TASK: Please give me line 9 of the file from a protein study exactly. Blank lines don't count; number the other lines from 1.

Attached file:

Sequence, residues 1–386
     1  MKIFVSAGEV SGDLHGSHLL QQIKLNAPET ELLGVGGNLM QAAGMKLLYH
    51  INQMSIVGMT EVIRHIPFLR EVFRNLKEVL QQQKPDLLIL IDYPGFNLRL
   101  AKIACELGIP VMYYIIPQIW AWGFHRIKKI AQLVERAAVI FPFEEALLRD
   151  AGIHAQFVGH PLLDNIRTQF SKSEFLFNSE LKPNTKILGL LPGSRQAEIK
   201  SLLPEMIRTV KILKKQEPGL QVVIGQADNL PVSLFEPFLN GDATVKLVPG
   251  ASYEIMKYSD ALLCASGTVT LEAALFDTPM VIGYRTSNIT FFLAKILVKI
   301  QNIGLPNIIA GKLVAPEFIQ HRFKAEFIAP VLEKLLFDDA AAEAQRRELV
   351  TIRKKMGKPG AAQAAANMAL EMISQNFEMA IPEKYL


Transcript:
   351  TIRKKMGKPG AAQAAANMAL EMISQNFEMA IPEKYL